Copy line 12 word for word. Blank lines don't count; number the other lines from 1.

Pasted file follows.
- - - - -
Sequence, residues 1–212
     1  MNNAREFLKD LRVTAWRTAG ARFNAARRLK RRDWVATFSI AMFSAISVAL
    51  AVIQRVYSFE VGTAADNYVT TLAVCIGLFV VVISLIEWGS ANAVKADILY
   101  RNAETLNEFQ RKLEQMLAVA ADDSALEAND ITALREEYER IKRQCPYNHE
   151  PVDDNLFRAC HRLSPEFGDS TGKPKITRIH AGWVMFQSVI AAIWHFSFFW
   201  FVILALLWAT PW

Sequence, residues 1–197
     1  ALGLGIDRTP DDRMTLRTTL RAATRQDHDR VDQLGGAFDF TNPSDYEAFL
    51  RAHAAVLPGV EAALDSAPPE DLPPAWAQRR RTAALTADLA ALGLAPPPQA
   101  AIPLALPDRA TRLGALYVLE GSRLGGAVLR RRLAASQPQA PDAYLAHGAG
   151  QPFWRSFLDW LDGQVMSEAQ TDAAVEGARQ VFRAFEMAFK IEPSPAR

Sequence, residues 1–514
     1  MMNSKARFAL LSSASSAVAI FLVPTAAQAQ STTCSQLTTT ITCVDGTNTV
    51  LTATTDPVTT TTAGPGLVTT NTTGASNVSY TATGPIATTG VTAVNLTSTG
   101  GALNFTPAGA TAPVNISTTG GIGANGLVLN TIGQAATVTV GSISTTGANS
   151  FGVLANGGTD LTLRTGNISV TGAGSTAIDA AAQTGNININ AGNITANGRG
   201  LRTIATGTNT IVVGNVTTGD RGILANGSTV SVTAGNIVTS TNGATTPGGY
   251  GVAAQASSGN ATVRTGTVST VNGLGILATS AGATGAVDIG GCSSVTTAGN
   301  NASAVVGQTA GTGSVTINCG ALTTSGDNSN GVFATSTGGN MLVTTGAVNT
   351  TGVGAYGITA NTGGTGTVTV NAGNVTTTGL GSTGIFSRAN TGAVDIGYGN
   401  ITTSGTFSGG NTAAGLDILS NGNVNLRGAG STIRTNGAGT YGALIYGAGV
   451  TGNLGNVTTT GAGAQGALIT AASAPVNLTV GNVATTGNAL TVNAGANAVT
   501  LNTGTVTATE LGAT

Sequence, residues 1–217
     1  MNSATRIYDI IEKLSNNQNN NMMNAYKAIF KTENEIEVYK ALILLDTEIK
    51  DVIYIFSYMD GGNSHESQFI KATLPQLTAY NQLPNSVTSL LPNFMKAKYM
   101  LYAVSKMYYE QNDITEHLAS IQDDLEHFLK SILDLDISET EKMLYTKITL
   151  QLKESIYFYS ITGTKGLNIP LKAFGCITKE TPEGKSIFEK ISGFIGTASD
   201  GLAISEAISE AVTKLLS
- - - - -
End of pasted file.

Sequence, residues 1–514